The Government too addressed fears that large-scale back claims could potentially cripple the economy. The Deduction from Wages (Limitation) Regulations 2014 were introduced, which limit all holiday pay unlawful deduction claims issued on or after 1 July 2015 to no more than two years back from the date that a claim was presented. Again, a measure to ensure fair pay going forward, but limiting the impact of potential back claims. It is important to note that this two year statutory backstop only applies in Great Britain and does not apply in Northern Ireland.

The inventive reasoning in Bear Scotland was highly criticised by the NICA in Agnew. The Court of Appeal for England and Wales in Smith v Pimlico Plumbers Ltd (No. 2) [2022] EWCA Civ 70 also provided a non-binding "strong provisional view" that the Bear Scotland judgment was wrong in this regard.

The Supreme Court has now, unsurprisingly, confirmed that the Bear Scotland "three month gap" and "contiguous sequence" rules are incorrect. A series is not ended as a matter of law by a gap of more than three months between unlawful deductions related to holiday pay. Furthermore, a series of deductions based on paying basic pay as holiday pay, without including regular overtime or allowances, is not automatically ended by a lawful payment that arises because on a later occasion there was no overtime or allowance that needed to be included.

What constitutes a series is a question of fact that must be answered in light of all relevant circumstances. While providing the usual "it depends on the facts" answer, the Supreme Court has provided some useful guidance:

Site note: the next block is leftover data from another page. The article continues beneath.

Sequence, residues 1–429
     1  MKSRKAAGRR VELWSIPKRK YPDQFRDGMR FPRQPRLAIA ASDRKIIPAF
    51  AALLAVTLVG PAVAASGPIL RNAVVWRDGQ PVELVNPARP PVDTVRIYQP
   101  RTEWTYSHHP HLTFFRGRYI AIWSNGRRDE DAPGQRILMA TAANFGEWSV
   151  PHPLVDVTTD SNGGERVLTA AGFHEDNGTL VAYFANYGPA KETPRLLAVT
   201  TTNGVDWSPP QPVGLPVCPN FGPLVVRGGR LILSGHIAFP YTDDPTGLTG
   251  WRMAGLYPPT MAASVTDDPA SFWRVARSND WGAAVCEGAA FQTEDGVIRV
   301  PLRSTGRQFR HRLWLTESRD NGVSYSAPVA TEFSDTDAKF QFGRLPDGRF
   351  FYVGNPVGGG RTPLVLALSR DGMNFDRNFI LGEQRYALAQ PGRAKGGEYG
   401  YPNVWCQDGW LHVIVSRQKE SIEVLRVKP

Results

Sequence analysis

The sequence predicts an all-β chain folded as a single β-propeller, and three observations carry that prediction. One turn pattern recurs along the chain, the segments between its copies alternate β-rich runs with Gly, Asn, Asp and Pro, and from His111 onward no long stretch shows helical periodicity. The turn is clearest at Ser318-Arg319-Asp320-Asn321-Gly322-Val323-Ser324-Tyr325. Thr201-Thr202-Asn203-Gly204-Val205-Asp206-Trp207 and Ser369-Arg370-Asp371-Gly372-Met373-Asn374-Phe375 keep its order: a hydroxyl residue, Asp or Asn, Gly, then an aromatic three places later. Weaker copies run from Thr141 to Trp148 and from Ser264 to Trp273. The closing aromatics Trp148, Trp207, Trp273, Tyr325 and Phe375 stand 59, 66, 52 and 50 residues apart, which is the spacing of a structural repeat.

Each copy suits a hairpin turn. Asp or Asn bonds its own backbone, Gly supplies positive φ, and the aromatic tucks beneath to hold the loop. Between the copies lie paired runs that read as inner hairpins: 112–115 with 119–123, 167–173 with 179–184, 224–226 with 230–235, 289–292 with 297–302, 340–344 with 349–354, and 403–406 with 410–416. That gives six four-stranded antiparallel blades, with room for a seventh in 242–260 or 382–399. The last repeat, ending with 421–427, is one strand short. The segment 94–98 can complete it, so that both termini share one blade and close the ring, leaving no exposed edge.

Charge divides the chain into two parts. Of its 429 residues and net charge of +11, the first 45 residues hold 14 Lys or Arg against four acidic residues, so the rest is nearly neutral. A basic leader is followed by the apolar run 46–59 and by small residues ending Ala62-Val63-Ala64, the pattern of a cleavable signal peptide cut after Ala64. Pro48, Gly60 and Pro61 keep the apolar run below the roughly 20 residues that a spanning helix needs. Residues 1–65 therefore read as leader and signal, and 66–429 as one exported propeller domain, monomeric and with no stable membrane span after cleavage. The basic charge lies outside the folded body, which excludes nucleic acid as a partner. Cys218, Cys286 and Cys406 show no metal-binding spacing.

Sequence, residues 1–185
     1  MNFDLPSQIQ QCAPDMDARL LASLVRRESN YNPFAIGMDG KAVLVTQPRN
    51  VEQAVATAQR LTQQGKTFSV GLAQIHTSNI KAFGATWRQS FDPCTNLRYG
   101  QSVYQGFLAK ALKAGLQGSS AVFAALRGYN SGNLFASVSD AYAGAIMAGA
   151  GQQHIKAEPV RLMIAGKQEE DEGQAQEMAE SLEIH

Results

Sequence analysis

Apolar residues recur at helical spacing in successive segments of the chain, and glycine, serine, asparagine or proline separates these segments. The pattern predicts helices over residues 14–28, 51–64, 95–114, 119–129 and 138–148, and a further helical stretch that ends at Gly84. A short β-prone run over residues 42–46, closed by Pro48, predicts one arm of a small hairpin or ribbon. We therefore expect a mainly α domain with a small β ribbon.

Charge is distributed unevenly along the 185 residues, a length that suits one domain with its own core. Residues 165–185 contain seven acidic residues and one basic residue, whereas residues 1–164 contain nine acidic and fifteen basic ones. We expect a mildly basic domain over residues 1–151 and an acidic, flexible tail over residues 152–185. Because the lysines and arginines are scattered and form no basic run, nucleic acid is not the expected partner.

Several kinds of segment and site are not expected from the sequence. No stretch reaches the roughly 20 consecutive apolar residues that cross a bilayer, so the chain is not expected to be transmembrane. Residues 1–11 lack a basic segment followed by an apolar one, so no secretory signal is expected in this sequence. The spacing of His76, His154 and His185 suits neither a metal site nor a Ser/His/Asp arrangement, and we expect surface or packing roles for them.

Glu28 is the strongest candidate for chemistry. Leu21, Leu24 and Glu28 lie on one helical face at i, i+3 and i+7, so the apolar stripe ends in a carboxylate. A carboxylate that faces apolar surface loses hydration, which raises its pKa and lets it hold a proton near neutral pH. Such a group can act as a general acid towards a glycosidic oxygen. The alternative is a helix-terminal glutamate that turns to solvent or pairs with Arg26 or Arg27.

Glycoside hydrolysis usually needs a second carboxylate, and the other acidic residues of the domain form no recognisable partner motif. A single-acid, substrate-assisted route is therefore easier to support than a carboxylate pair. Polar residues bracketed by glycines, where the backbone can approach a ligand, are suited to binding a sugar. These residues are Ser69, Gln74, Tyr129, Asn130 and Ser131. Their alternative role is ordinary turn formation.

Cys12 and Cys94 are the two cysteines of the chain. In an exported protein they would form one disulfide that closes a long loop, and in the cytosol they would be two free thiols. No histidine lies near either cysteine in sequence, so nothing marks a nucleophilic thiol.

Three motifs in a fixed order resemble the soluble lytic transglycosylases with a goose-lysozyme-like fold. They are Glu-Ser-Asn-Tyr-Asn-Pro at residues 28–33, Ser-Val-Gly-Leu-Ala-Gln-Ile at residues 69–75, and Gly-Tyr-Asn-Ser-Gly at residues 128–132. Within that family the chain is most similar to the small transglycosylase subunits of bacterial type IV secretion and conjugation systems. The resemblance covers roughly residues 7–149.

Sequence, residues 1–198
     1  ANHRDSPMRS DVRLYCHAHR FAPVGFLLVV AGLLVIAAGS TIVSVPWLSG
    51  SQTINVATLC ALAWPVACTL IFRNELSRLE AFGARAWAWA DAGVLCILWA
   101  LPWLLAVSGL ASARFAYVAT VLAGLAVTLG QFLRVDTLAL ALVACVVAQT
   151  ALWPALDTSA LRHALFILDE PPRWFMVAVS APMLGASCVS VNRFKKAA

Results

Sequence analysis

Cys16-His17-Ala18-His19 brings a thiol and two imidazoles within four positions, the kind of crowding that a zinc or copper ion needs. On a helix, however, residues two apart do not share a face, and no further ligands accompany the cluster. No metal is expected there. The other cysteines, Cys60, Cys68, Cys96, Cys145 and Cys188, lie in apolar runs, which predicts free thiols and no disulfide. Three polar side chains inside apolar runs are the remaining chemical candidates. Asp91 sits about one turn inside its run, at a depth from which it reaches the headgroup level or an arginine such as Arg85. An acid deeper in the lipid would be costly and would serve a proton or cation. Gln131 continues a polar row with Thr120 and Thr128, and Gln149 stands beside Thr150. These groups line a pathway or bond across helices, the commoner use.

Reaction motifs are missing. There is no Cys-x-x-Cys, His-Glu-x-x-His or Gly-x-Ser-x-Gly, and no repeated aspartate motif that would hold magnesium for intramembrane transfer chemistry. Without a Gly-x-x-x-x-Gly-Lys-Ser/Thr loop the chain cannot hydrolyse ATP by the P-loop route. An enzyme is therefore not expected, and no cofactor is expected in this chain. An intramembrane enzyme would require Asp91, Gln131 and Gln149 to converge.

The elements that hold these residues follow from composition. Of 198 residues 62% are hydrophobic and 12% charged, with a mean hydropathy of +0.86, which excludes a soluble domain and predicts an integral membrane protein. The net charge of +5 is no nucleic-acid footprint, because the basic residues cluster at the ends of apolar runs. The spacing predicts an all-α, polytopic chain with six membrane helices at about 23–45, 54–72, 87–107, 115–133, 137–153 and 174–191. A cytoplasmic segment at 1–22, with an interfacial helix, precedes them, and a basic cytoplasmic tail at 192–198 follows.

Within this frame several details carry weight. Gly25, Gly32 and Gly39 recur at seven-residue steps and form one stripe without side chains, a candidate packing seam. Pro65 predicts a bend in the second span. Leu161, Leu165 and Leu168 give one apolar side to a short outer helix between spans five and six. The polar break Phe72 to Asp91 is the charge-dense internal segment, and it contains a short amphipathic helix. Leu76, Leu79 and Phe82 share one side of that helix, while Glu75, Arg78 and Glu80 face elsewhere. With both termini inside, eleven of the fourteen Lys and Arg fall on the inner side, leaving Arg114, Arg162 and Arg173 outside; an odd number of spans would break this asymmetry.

1. When deciding whether or not deductions form a series, all relevant circumstances should be considered, including,  
    1. their similarities and differences,
    2. their frequency,
    3. size and impact,
    4. how they came to be made and applied, and
    5. what links them together and all other relevant circumstances.
  2. There is no need for the series to be contiguous (that is, next to each other in a sequence).
  3. It is important to identify the underlying fault or, as the Supreme Court more dramtically put it, the "unifying vice" that links the series of deductions together. In this case, the "unifying" vice was that holiday pay was calculated by reference to basic pay rather than normal pay. It did not matter that there were some appropriate payments of pay between the holiday payments that were not subject to unlawful deductions. This did not break the series of deductions.

A composite whole: the order of leave

The Supreme Court also disagreed with the Bear Scotland approach as to when different classes of holiday leave are considered taken. It held that the four weeks of statutory holiday leave entitlement deriving from the WTD is not necessarily taken first, with additional statutory holiday (the 1.6 weeks) or enhanced contractual entitlement taken thereafter. The Court said that even though part of a worker's leave entitlement is described as "additional", there is nothing to suggest when that "additional" leave should be taken in relation to other leave. Rather, an individual's holiday entitlement must be considered a "composite whole", with each day's leave consisting of entitlement under all sources taken together.

"Normal pay" reference period

As expected, the Supreme Court confirmed that for holiday pay purposes, to calculate a daily rate for overtime that forms part of normal pay, the number of days in the four weeks' leave period should be divided by the number of working days in the reference period, rather than the number of calendar days. As for what should be the appropriate reference period, the Court simply states it will be a question of fact in each case. It observed that the NICA had encouraged the parties to agree how pay should be calculated based on a twelve-month reference period in this case, but did not make any findings on this point.